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Feature Christmas 2020: The Citadel

Harms and the Xmas factor

BMJ 2020; 371 doi: (Published 16 December 2020) Cite this as: BMJ 2020;371:m4067
  1. Robin E Ferner, honorary professor of clinical pharmacology1,
  2. Jeffrey K Aronson, consultant physician and clinical pharmacologist2
  1. 1University of Birmingham, UK
  2. 2Centre for Evidence Based Medicine, University of Oxford, Oxford, UK
  1. Correspondence to R Ferner r.e.ferner{at}

The Christmas season is associated with preventable harms from cards, tree decorations, and presents, as well as overeating and overdrinking. Given the balance of benefits and harms, Christmas may not be cost effective.

We hope you’re well, that you’ve posted the last of your Christmas cards, decorated the house, and settled down before the fire. Days of feasting and merriment beckon. But what of the harms? A rummage through the archives confirms the existence of several festive health risks.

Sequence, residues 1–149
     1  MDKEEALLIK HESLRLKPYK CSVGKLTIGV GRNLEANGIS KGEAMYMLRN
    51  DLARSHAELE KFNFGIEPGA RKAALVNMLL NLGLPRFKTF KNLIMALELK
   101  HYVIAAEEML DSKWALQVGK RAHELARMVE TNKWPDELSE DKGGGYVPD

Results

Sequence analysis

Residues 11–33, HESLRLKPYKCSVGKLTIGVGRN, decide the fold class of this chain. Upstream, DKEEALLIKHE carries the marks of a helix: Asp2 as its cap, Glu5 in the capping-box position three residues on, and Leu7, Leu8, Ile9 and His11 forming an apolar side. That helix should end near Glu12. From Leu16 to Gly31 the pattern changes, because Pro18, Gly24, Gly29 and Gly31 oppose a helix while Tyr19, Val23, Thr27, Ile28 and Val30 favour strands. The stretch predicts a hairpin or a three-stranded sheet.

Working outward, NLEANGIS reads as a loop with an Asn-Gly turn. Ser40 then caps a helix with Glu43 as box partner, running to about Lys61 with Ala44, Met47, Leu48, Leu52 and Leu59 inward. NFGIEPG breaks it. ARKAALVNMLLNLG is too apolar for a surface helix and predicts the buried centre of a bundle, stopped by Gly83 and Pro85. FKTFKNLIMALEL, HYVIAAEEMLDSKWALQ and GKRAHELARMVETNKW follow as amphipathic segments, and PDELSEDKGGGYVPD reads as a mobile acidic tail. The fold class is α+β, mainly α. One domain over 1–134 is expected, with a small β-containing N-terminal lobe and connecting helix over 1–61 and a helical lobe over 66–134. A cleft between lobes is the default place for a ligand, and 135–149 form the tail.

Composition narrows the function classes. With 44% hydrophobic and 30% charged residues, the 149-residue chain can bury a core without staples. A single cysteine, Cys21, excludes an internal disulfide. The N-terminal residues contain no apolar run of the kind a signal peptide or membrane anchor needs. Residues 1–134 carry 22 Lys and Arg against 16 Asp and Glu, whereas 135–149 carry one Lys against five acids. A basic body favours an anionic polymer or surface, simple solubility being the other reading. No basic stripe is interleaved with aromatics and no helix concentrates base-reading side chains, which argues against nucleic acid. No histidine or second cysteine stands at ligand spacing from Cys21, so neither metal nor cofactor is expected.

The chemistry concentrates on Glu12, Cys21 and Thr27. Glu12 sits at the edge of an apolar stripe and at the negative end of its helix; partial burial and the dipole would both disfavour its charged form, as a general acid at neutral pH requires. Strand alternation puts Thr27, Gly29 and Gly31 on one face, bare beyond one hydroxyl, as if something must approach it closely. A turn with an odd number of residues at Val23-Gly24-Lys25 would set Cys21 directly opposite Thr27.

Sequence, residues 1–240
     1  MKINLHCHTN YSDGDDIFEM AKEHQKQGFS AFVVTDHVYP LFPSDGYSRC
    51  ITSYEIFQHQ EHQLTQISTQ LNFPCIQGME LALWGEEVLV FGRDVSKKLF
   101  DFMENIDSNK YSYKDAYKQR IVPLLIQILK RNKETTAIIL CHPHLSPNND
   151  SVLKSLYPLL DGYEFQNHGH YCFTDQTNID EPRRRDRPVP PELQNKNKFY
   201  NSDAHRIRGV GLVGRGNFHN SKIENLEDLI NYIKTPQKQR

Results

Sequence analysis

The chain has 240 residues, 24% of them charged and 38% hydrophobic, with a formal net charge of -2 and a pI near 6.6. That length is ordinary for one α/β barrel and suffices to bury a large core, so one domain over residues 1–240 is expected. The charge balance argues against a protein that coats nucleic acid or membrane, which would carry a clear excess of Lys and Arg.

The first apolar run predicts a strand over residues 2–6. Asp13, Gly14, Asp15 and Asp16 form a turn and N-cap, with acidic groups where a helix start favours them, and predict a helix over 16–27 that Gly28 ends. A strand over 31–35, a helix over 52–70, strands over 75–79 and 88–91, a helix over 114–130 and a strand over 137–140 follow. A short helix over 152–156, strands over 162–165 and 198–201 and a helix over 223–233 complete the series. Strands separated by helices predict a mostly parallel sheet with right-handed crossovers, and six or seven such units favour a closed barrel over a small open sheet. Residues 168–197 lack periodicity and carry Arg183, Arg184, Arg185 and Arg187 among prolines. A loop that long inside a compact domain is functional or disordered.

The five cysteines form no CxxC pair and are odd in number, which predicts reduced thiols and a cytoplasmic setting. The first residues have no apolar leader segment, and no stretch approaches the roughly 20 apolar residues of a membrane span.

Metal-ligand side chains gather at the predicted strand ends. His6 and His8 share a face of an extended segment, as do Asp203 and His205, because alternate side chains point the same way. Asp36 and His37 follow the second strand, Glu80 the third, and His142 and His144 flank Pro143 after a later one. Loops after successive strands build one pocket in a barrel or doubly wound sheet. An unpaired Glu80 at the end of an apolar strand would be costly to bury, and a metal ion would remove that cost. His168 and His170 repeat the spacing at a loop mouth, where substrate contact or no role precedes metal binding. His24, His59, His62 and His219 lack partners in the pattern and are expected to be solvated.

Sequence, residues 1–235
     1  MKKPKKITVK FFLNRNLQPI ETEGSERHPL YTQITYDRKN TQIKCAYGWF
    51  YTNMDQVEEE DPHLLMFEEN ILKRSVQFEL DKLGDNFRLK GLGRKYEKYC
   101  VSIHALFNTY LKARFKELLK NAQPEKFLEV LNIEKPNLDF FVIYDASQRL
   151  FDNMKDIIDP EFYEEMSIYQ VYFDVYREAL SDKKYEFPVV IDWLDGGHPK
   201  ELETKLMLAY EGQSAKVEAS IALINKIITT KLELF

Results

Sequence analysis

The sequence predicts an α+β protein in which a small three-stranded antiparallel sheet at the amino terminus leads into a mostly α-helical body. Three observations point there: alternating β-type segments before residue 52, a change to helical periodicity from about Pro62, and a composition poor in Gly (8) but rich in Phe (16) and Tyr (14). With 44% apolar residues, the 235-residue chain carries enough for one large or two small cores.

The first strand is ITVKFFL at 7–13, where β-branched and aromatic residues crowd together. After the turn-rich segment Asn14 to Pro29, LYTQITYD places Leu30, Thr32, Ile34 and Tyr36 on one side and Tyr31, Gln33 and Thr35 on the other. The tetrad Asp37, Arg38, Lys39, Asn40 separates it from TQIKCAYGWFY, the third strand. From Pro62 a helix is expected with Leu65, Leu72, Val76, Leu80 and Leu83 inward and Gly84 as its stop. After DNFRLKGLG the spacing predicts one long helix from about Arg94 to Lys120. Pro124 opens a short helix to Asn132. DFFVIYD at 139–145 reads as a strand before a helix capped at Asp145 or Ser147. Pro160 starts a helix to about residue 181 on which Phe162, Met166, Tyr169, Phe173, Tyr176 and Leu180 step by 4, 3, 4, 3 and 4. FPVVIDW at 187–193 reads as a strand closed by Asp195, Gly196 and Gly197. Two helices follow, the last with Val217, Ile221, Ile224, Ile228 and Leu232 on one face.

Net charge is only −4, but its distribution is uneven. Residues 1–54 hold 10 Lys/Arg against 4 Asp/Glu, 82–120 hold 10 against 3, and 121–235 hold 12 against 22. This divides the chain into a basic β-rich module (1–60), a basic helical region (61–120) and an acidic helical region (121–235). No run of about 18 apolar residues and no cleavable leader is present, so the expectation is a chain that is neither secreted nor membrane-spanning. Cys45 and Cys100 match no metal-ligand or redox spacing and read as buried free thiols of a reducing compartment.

In our foraging, we ignored Christmas disease (haemophilia B), and reports by authors named Christmas, Chrismas [sic], or Noel. We also ignored festively inspired acronyms such as NO Effect Level and Natural Orifice EndoLuminal technique. Nevertheless, our findings raise concerns.

Causes of Christmas harms

Christmas cards are a source of potential harm. In 1876 a young man painted large festive cards “with colours chiefly of a bright green” and developed acute arsenic poisoning. The paint was Scheele’s Green, copper hydrogen arsenite.1 Posting cards is also dangerous, as the spring-loaded flap of a letter box can amputate the finger tip.2

A Christmas break may be just that, after falls either in the home3 or outside while decking the house with Christmas lights4—a …

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